Irish Life outbids all to buy AIB’s Grafton Street branch

Property fund spends €50m on investment which sold for €28m in 2010

AIB on Grafton Street: Irish Life is expected to earn a net initial yield of 3.5 per cent based on current rent roll of €1.8 million.

AIB on Grafton Street: Irish Life is expected to earn a net initial yield of 3.5 per cent based on current rent roll of €1.8 million.

 

Irish Life has outbid strong domestic and overseas competition to buy AIB’s principal branch office which fronts on to both Grafton Street and Wicklow Street in Dublin city centre.

Ireland’s largest property fund was the highest bidder at about €50 million for the investment, which previously changed hands at €28 million in 2010, when it was bought at the height of the property crash by the German fund manager GLL Real Estate.

Irish Life is expected to earn a net initial yield of 3.5 per cent on the bank investment, which produces a rent roll of €1.8 million. The sale price equates to a capital value of €2,800/sq ft.

CBRE handled the sale, which is understood to have attracted bids from an unnamed private Irish investor as well as IPUT and two European investment funds.

GLL’s success in flipping the bank premises at a profit of €22 million was widely expected in a commercial property market that is still recovering despite a shortage of high-quality investments.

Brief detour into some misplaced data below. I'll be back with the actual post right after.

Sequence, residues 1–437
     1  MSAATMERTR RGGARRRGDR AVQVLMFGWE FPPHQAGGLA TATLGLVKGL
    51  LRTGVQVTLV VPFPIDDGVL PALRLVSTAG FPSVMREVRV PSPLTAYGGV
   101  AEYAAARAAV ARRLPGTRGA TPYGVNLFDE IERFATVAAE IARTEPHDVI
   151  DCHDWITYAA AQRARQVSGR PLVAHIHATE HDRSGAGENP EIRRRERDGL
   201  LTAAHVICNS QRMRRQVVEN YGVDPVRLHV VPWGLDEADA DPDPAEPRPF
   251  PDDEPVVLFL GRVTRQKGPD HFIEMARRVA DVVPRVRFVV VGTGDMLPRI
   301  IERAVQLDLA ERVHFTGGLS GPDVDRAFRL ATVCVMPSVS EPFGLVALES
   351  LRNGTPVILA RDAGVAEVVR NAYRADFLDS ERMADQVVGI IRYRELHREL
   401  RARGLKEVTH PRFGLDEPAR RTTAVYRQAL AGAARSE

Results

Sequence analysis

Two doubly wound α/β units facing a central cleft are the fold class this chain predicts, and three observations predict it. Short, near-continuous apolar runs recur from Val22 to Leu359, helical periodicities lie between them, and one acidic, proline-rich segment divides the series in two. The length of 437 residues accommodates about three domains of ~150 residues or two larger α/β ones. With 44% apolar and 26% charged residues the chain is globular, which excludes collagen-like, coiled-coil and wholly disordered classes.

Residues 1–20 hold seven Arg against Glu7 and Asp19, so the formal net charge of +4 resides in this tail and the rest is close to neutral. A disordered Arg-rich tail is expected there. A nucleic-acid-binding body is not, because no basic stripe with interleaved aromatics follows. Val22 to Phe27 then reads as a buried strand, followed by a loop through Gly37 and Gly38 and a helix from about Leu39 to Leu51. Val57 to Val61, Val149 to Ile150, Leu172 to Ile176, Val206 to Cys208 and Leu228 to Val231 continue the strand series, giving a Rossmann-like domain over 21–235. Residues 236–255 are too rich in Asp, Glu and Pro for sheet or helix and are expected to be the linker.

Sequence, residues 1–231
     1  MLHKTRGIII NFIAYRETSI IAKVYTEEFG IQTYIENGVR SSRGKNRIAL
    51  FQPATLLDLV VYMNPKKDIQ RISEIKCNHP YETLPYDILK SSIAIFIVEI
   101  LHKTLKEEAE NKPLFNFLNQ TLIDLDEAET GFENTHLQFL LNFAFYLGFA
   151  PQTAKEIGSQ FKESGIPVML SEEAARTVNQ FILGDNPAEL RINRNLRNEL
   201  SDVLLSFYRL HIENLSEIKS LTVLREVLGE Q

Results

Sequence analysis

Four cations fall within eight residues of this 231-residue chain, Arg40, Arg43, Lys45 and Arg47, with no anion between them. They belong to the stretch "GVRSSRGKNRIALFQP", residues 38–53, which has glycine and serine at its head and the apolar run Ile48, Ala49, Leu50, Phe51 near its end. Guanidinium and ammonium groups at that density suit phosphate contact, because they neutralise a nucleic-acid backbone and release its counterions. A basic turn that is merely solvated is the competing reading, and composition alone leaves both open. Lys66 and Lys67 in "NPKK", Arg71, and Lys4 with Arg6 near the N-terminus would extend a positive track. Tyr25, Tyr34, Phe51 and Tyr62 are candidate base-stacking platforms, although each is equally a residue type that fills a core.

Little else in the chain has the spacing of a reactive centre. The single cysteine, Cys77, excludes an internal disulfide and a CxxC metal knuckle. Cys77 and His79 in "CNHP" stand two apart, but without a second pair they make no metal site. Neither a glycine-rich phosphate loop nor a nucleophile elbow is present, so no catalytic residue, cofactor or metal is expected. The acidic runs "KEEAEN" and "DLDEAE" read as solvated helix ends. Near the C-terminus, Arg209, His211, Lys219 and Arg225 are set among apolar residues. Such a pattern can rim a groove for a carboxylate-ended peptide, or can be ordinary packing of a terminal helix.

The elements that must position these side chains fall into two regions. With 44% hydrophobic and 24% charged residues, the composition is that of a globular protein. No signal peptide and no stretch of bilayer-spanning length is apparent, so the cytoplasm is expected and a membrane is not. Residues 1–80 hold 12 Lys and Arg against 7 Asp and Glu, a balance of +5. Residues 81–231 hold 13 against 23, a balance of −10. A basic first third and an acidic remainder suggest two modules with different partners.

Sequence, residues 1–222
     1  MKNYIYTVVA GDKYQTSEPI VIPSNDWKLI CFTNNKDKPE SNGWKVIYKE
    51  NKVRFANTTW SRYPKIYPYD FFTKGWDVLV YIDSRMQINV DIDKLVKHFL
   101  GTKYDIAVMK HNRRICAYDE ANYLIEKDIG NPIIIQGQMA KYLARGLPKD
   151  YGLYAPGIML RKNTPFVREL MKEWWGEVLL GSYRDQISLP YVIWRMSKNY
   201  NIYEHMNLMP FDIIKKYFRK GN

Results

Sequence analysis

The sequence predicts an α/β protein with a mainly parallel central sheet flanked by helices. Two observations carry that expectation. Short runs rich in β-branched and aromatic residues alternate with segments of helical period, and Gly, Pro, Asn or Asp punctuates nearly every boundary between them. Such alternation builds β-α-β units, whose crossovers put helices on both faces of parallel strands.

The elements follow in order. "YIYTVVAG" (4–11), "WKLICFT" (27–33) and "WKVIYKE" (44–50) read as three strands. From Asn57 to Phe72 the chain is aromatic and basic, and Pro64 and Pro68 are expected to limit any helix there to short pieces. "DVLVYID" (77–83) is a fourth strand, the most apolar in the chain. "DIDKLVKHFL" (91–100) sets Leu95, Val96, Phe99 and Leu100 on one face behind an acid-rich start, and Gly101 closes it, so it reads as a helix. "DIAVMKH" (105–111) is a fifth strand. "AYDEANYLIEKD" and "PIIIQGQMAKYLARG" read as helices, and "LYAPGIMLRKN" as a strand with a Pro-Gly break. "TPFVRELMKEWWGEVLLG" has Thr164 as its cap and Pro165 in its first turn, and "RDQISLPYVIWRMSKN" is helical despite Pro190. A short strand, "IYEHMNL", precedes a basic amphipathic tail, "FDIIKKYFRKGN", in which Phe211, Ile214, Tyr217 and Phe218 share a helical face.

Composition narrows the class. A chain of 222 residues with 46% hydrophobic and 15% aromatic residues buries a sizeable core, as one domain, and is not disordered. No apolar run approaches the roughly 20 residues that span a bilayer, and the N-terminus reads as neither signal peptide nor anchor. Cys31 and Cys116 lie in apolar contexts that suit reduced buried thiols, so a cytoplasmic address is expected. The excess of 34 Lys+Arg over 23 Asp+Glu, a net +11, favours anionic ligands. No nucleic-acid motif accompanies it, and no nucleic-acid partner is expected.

However, some agents are expecting an increased level of investment activity in the second half of the year with one of them, JLL, forecasting that more than €1.3 billion of assets are either for sale at the moment or will come on the market in the next few weeks.

Handsome profit

The handsome profit made by GLL, a Munich-based investment fund, could trigger the sale of two other commercial investments it owns near the bottom of Grafton Street: the River Island store and the adjoining Cath Kidson retail outlet.

The fund acquired these two buildings at the beginning of 2013 for about €40 million – a long way from the €115 million paid for them in 2007 by Dublin property developer David Daly.

The 65 per cent fall in value was one of the highest recorded on Grafton Street during the property crisis.

Irish Life’s purchase of the best located bank premises in Dublin will strengthen its role as the largest owner of buildings on Grafton Street, with no fewer than 18 retail properties in a range of funds.

The company figured in the largest single deal on the street when it bought the Sovereign Portfolio in 2015 from the former Royal Liver Assurance for €154 million. The portfolio included McDonald’s as well as Office Shoes, Health Matters, The Body Shop, Clarks Shoes and Pamela Scott.

Irish Life’s property funds are now valued at close to €3 billion.